Thunder: Yeah, so if you want to just take the straight clinical approach, BMI, the cutoff where you start to see increased health risks is a BMI of 25. Twenty-five to like 29.9, that is the range that is called overweight. That's where you see these health risks go up. Obviously, the greater the BMI, the more those health risks go up.

To translate that into pounds, what does that mean? Because most people are not quite sure how to make a connection between, say, a BMI of 27 and extra pounds. It's an easy calculation to do. There are lots of online calculators that can help you do that if you want to go in and type in your body weight and your height and it can spit out your BMI. But in general, if somebody is probably 15 to 20 pounds over their ideal body weight, their BMI is going to be in a range that's going to be around that kind of mid-27 or so. And that's where the health risks are going to increase.

But I encourage everyone to go online, find one of those BMI calculators, and try it out. It's good to know where you're at.

Scot: So I'm standing in front of the mirror right now looking . . .

Thunder: Always a bad idea.

Scot: Well . . . I'm looking at my stomach. Is it just the front part of my stomach or the love handles/muffin top? Does that count? What are we talking here?

Thunder: Yeah. It's all there. It's everything.

Scot: Okay. Allow me to put my shirt back on and back away from the mirror slowly now at this point.

Thunder: And mostly the abdominal obesity that is the subject of concern, that is kind of the front, like as your belly protrudes out. Love handles are a bit more subcutaneous, and that's not quite as bad. If you think about like the anatomy of the body, the fat that's packed in around the intestines and the organs, that's the kind that is more associated with diabetes risk.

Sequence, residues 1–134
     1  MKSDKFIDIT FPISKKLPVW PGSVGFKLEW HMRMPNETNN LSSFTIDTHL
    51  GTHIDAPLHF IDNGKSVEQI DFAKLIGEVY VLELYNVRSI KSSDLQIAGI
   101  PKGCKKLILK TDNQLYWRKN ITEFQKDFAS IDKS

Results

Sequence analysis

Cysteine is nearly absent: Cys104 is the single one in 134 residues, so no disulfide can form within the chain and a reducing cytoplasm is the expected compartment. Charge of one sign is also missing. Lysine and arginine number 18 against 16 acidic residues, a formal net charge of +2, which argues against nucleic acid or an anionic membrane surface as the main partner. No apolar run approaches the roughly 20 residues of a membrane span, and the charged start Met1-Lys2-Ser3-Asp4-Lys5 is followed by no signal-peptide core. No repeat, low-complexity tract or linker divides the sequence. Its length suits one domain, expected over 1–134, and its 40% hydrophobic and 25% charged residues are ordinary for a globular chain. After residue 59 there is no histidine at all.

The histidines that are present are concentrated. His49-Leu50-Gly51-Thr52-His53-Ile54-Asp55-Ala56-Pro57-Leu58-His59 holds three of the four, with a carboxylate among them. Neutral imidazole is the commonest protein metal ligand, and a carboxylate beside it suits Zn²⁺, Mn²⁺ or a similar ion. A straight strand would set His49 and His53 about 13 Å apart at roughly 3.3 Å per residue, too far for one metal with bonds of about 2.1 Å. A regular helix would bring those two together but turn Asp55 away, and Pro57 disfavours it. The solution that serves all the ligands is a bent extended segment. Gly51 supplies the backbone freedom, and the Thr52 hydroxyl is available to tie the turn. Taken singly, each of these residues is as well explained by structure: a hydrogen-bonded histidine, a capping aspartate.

Scot: So you talked about metabolic . . . what did you call it? Metabolic disease?

Thunder: Metabolic syndrome. Metabolic syndrome is three out of the following five conditions. Either somebody has kind of high blood pressure. Maybe not the blood pressure that we would classify as classic high blood pressure, but that borderline high blood pressure. They may have slightly elevated cholesterol. Again, on its own, maybe it wouldn't be the first thing of concern, but it's elevated more than normal. They may have slightly higher blood glucose levels, which is indicative of pre-diabetes. And they probably have extra weight around the middle, around the belly that we were talking about. And they may have more fat, which we call triglycerides, in their bloodstream.

So, if somebody has three out of those conditions I described, or more, then we would say they have metabolic syndrome.

If somebody has this undiagnosed hypertension, maybe they're running around with a blood pressure that's 5 or 10 points above what we would classify as normal and that would maybe fly under the radar when they would go get a health screening or whatever, but over time, that can increase risk.

Scot: Is the fat the cause of these things starting to happen, or is the fat the indication these things are going to happen? Does that make sense? Because the fat is an indication of a lifestyle that somebody has maybe been doing that is not the healthiest.